Liquefied Natural Gas (LNG), reduced in volume by a factor of 600, is primarily used to facilitate shipment and has only found traction in very large vehicles having a platform for cryogenic storage.
Gas to Liquid
But times, they are achangin’. New research is making it possible to convert natural gas into transportation fuels. Known as the “gas to liquid” (GTL) process, this method converts methane into products such as 95-octane, diesel, and aviation fuels. Methane, the main component of natural gas, is composed of one carbon atom and four hydrogen atoms. GTL converts the small CH4 molecule into a long chain molecule like C8H18 (octane) in a very short time, the way geologists believe the same process is done by heat and pressure over eons.
The proprietary Shell Middle Distillate Synthesis (SMDS) process has already been proven on a commercial scale at a 14,700 barrel-per-day GTL plant in Malaysia. It is the model for the world’s largest GTL plant, now in its last stages of construction, known as Pearl GTL, where 260,000 barrels of oil-equivalent products are to be produced each day. At its construction peak, the $19 billion plant employed 52,000 workers.
Dallas-based Synfuels claims it has an even cleaner and cheaper process than SMDS. Natural gas is “cracked” into acetylene (C2H2), followed by a catalytic proc-ess that converts 98 percent of the acetylene into ethylene (C2H4), which is then easily converted into gasoline, diesel, and jet fuel. Their process is dubbed ECLAIRS for Ethylene from Concentrated Liquid-phase Acetylene — Integrated, Rapid and Safe. Synfuels now has a fully operational demonstration plant in Bryan, Texas, for the production of 95-octane fuel.
Other major players in GTL development include Exxon (U.S.), Sasol (South Africa), Syntroleum (Tulsa, Okla.), Rentech (Los Angeles, Calif.), GeoGas (Santa Fe, N.M.), and Intevep (Venezuela).
So why haven’t you heard about any of these or similar processes to convert natural gas into fuels? Does it seem strange that government is big on subsidizing wind and solar projects that have no bearing on “energy independence?” Why are there billions in government subsidies for grossly inefficient production methods of ethanol and bio-diesel that usually consume more petroleum products than they replace?
There are three groups that wish to stifle this energy revolution. First are the competitors in the age-old clash that buggy whip manufacturers faced with the coming of the horseless carriage. Existing gas suppliers don’t exactly relish lower cost gas entering into their markets. Neither do coal suppliers, who understand the advantages of natural gas. Gas is delivered by pipeline, not unit trains with one hundred tons of coal per car making up one day’s supply for a coal-powered electric plant. Though the public wants clean-burning natural gas (without the ash and other combustion products inherent in burning coal), existing suppliers are not going to give up without a fight.
Equally unnerving to competitors is the fact that the fracing process is making it possible for gas prices to drop even as demand reaches all-time highs. The graph on the left shows how wellhead prices have dropped steeply since the fracing process was instituted for shale plays. The Gas Technology Institute reports that demand for natural gas in 2010 was 22.1 trillion cubic feet — 10 percent higher than the previous mark set in 2000. (Remember, prices are supposed to rise when the demand increases.) Additionally, a number of older coal plants across the country are to be retired soon, with natural gas poised to be competitive not only in construction costs but also in fuel expenses.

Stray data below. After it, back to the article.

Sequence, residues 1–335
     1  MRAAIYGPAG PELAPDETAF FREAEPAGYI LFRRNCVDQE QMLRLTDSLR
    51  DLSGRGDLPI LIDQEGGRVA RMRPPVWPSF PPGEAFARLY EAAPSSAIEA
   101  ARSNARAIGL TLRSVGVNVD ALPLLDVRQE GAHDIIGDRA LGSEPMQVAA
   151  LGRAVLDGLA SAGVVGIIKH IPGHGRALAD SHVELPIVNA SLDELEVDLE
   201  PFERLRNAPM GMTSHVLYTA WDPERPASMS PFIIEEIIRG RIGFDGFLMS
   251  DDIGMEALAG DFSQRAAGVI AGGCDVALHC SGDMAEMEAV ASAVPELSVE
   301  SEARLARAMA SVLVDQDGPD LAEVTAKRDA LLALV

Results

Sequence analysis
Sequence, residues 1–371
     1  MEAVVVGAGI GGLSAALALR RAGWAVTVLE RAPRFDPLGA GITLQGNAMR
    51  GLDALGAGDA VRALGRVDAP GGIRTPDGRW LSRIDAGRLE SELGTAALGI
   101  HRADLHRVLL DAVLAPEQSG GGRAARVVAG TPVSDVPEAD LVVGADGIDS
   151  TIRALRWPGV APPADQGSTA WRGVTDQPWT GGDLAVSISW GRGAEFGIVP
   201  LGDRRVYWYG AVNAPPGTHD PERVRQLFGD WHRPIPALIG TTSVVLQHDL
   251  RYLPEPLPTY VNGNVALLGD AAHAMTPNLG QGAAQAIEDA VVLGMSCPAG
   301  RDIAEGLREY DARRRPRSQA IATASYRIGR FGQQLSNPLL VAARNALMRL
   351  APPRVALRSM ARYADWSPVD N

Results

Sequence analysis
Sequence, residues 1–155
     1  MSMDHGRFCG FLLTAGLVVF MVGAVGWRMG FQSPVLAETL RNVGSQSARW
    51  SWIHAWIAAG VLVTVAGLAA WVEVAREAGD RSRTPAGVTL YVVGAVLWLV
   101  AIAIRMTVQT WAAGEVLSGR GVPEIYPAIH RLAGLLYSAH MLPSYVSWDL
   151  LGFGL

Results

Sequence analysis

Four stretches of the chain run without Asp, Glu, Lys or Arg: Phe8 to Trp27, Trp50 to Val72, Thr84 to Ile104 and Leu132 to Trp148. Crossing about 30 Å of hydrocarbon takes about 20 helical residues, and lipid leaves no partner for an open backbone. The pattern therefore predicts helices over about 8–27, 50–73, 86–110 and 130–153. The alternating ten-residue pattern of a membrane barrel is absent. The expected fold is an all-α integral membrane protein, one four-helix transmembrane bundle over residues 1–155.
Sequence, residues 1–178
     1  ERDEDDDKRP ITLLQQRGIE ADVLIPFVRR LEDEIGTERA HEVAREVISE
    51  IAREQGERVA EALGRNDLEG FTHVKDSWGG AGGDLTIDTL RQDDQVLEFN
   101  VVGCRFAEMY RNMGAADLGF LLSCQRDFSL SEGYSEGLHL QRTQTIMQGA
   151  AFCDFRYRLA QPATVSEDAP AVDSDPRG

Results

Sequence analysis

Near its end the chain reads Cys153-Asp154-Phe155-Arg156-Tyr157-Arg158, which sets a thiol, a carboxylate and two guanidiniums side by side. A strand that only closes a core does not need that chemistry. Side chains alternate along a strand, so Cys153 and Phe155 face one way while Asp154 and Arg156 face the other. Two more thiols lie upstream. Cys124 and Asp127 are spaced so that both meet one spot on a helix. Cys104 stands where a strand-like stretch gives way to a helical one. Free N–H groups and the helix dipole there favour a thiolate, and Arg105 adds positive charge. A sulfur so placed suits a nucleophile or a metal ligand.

The second group antagonistic to shale gas is an odd breed that has no desire to see the human condition improved but would prefer it to revert to earlier times when human and animal labor were the norm, not just fun at the dude ranch. They want fewer humans on the Earth since they consider mankind (except for themselves) as interlopers on a planet that should have only those creatures in the numbers that they see fit.
They call themselves environmentalists. We are not referring to families that recycle their trash or to Prius owners. We’re referring to those such as Malthusian Paul Ehrlich, who believes, “Giving society cheap, abundant energy would be the equivalent of giving an idiot child a machine gun.” Ehrlich’s name may ring a bell, since he was involved in one of the most famous economic wagers in history. In 1980, he bet economist Julian Simon that the price of five commodities — chosen by Ehrlich and his advisor, John Hol-dren — would rise between 1980 and 1990 because the world was rapidly running out of resources. All five fell in price, and two of them dropped by more than 50 percent. Unfortunately, Ehrlich’s collaborator John Holdren is now Director of the White House Office of Science and Technology Policy, and his recent pronouncements would suggest he is still in step with his former comrade.
The third group may appear to be reactive, yet understands well H.L. Mencken’s admonition: “The whole aim of practical politics is to keep the populace alarmed (and hence clamorous to be led to safety) by menacing it with an endless series of hobgoblins, all of them imaginary.” The politicos complete the circle. The power elites finance and encourage a supposedly grass-roots movement (e.g., the environmental lobby) that creates the appearance of popular support for their agenda and encourages the politicians to lead us to safety by passing laws the power elites want enacted.
Stifling New York Shale
This map of the shale plays (or fields), shows that the largest in the United States is the Marcellus Play that extends from New England to Tennessee, with a large part of it in the state of New York. Yet New York is the only state with significant resources not participating in the shale gale. TNA asked Bob Williams of Barnes-Williams Environmental Services (www.barneswilliamsenvironmental.com) his opinion of why this is happening. Williams, who has served on the expert panel of the 2010 Natural Gas Development Summit Meetings of the Joint Landowners Coalition of New York (JLCNY), replied: